Technicalities aside, the ease or convenience of implementing smart manufacturing primarily depends on the state of a company’s manufacturing infrastructure. Then, any business should probably consider its budget, skillset, having and effective data management system, interoperability, regulations and compliance, change in workflows and processes, scalability and obviously the above-mentioned cybersecurity.

Yet, all things considered, many companies still face the challenge of where to focus their innovation investments. Generative AI has been center stage this year to get increased productivity, improved communication and collaboration, higher customer satisfaction, and better maintenance strategies. But Shyam Varan Nath warns that “while Generative AI will help in product design, industrial automation and robotics, such use cases will take time to be proven for deployment in the factories.”

It’s clear that change is not plain sailing. Carles Miranda, Industry 4.0 and Circular Economy Manager at ACCIO, the Catalan Agency for Business Competitiveness, points out that businesses must keep in mind that “the combination of emerging digital technologies is clearly helping to optimize production and the supply chain. But above all to provide more transparency, visibility, and information in real time”.

Smart is green

On the other hand, Deloitte’s Specialist Leader, Shyam Varan Nath, acknowledges that “sustainability is a growing priority and smart manufacturing can help companies to achieve their sustainability goals.” “For example, smart manufacturing can help companies to reduce their energy consumption, waste production, and environmental impact as water use or carbon capture”, he says.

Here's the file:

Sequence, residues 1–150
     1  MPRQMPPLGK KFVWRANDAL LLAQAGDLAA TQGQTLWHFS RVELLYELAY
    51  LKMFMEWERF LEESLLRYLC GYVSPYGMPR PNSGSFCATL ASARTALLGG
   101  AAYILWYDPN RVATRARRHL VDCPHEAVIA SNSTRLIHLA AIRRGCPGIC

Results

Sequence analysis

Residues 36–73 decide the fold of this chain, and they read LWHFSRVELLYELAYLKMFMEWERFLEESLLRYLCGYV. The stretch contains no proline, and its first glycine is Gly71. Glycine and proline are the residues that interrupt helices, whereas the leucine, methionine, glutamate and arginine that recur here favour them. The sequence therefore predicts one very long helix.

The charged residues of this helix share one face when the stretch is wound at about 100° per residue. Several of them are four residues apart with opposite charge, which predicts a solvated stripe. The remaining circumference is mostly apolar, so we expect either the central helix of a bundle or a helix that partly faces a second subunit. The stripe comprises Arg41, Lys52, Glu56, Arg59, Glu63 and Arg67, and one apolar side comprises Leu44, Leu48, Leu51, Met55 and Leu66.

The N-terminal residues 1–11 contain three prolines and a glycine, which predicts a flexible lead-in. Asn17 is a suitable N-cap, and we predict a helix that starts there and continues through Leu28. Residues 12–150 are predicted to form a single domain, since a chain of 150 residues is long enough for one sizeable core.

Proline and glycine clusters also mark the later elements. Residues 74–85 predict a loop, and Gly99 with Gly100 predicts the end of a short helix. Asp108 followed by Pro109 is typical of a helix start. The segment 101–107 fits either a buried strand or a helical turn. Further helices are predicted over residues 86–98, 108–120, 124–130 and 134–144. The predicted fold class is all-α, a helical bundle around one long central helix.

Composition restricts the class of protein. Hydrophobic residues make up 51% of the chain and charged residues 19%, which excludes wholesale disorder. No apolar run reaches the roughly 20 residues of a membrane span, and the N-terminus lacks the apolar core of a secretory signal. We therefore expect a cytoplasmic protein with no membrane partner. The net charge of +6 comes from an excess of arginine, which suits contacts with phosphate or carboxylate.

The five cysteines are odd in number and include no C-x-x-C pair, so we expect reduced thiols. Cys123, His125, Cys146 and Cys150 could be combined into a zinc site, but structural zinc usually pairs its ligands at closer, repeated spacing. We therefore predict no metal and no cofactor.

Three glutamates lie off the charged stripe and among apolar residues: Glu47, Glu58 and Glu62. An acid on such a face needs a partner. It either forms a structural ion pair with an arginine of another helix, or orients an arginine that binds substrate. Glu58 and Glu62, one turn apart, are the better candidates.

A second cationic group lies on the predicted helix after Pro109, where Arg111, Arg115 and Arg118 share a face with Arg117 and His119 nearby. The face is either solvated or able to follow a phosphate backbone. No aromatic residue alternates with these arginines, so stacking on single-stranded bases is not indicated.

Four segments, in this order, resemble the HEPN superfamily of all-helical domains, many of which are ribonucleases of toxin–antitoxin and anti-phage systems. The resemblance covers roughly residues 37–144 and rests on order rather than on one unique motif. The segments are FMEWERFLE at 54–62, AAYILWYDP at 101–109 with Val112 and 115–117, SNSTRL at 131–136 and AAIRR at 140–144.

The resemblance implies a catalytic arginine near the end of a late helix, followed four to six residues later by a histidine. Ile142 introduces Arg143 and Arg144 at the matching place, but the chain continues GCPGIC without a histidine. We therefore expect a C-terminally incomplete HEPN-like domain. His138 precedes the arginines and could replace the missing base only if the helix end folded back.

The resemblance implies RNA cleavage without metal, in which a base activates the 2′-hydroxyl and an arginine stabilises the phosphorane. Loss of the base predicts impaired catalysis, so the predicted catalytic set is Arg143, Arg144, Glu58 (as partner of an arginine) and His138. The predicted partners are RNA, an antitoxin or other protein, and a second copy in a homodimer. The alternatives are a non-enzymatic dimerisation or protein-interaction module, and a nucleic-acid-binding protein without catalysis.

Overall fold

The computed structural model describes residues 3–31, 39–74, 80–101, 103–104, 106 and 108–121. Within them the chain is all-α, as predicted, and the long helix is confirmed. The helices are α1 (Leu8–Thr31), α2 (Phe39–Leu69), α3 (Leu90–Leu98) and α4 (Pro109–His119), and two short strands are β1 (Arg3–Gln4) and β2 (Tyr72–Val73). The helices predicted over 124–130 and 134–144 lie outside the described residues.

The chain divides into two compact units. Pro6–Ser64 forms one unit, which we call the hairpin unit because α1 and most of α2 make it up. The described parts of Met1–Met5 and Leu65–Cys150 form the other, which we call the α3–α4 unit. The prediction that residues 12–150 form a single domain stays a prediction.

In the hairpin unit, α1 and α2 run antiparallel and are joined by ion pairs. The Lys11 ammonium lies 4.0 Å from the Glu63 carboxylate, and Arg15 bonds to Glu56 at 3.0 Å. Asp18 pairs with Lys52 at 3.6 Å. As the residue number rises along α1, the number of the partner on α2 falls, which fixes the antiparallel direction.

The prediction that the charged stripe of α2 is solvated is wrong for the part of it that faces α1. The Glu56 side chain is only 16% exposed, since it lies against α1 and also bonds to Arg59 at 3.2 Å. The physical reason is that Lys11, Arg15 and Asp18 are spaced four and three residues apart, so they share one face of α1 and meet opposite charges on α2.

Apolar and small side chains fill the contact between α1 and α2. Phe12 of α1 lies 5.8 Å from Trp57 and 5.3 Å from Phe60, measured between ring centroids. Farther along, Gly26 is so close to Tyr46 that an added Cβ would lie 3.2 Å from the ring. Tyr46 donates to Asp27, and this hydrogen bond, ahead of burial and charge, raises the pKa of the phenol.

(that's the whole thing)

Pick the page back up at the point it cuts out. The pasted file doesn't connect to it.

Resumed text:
In this regard, Carles Miranda argues that innovation has a direct impact on sustainability “when companies have digital transformation plans coupled with green transformation plans”.

“My recommendation, with a view to the end of 2023 and the beginning of 2024, is that any digital transformation plan companies put in place is to be associated with a green transformation plan to improve sustainability (with a broad vision that includes the entire value chain)”, he insists.

Overall, smart manufacturing is a complex and challenging area, but it clearly has the potential to revolutionize the way that products are manufactured. In the next 12 months, more and more companies will probably be adopting smart manufacturing technologies to improve their productivity, resistance to global disruptions and sustainability goals. IOTSWC24, to be held in May in Barcelona, will help them discover how machines can do their magic to achieve these goals while being sustainable, as smart is definitely to be green.

By Anna Solana

Pedro Mier

Pedro Mier holds a degree in Telecommunications Engineer ing from the Polytechnic University of Catalonia, MBA from ESADE and PADE from IESE. He is currently President of AMETIC (Association of Electronics, Information Technology and Telecommunications Companies of Spain), Shareholder and Chairman of the Board of Directors of TRYO Aerospace & Electronics, Board Member of the Premo Group and Committee of CTTC. member of Space Angels Network and Member of the Sc ientific Advisory